Skills required

Skills required in a digitization project include the following:

  • Administration
    • Project management,
    • Project leadership,
    • Supervision of production.
  • Collections management/subject specialists
    • Knowledge of cultural material documentation practices, including descriptive information about objects as well as data about the images,
    • Cataloguing and documenting digital objects,
    • Familiarity with requirements for reproducing cultural materials.
  • Preparation
    • Preparation of detailed instructions for digitization — whether the work is done in-house or contracted out,
    • Preparing objects for digitization,
    • Preservation, archiving and disposal of digital objects.
  • Systems support
    • Technical expertise in operating digitization hardware and software,
    • Experience with image scanning, processing and quality control.
  • Reproduction services
    • Monitoring digitization procedures and performing quality reviews.

In small organizations, many of these tasks are performed by the same people, some of whom may be volunteers. In other cases, many of these functions may be contracted out.

Establishing responsibility

Only if management's commitment to digitization projects is well established will any project that is undertaken be a success.

The capabilities of current staff and their interest in learning new technologies must be realistically assessed. The person serving as project leader can survey the various parts of the institution, ensuring that staff members understand the goals of the project. Tasks for departments and managers will change as new tools are obtained and new priorities set. Rather than forcing staff members to take on new tasks that they had not anticipated assuming, it is much better to stress the positive opportunities for professional development that the digitization project makes available.

When responsibility for these tasks has been established, it is crucial to make sure that all staff understand that this responsibility has been assigned. Good staff communication is one key to a successful project.

Securing preservation by means of proper storage

Digitization serves to preserve original materials, since once one has a high-quality digital image from which other image formats can be derived, it is not necessary to keep exposing objects to handling and light.

However, high-resolution digital assets have preservation and storage needs as well. If plans are not made to preserve the image collection, although it may still be possible to retrieve the images in the future, doing so may become costly if the hardware or software used to store and retrieve them become obsolete.

Digital images require considerable storage space that costs money. This should be built into the project budget. Even if the principal aim is to add images to the collections management system at low-resolution, high-resolution archival copies of the images will need to be kept, requiring storage space separate from the working collections management system. These archival copies should be stored in a fixed medium such as CD-ROM, Digital Versatile Discs (DVD), tape backup, or related device. However, although these storage mechanisms seem expensive, they protect the investment in the digitization project. A prioritized plan is needed, with built-in review periods to assess potential changes to technology and storage media.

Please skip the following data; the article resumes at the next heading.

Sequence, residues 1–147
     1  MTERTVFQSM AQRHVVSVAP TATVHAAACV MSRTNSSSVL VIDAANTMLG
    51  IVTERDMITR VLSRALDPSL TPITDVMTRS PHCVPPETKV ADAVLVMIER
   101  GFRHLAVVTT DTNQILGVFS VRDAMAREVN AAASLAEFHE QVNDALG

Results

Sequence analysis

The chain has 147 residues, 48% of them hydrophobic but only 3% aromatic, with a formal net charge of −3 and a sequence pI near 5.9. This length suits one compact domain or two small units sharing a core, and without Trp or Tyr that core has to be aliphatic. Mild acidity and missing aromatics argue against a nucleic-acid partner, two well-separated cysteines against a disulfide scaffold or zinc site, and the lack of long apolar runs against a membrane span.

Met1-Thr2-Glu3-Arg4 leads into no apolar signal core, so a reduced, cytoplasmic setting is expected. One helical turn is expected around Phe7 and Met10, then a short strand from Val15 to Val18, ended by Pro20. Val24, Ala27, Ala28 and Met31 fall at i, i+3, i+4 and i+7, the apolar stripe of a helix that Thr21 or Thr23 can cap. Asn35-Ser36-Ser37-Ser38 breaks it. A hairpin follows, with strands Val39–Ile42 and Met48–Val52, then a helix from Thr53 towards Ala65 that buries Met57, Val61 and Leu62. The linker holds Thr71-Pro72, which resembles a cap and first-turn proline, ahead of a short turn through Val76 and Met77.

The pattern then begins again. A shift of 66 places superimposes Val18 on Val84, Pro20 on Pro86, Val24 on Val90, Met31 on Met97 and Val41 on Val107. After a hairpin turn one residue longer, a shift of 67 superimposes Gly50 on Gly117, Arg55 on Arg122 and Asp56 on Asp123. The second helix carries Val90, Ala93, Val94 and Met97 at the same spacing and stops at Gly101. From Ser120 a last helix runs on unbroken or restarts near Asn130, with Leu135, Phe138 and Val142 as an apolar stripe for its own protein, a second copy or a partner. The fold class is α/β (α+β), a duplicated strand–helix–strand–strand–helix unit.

Ensuring access

Technology changes quickly. The plan for managing digital images must allow for staff to keep abreast of changing technologies in order not to get left with images in formats that can't be used because the hardware or software is out of date. There are two recommended strategies for avoiding obsolescence: refreshing and migrating data.

  • 'Refreshing' is simply copying digital files from one storage device to another of the same type (e.g., creating a duplicate CD-ROM). This method is viable only when the digital files are in a non-proprietary format and independent of hardware and software. Hardware and software will still be required to read non-proprietary formats. If the files are in a proprietary format, problems may arise when refreshing, as the specifications of the file format may have changed. In such cases, it may be difficult to access the files.
  • 'Migrated' data is changed or converted into newer (non-proprietary) standard formats, and transferred onto a newer type of storage media.

Both of these strategies protect valuable data and the investment in it but do entail some cost in staff time and equipment.

Legal Issues Related to Digitization

Copyright issues associated with digitizing images

The protection of museum copyright and the copyright of artists/creators for which museums may be responsible is of paramount importance when digitizing images. With current technologies, digitized images can not only be made available and accessed via the Internet, but also reproduced quickly and with astonishing clarity; more than ever, therefore, copyright protection is an issue. Some of the issues to consider are outlined below.

Appropriate copyright clearances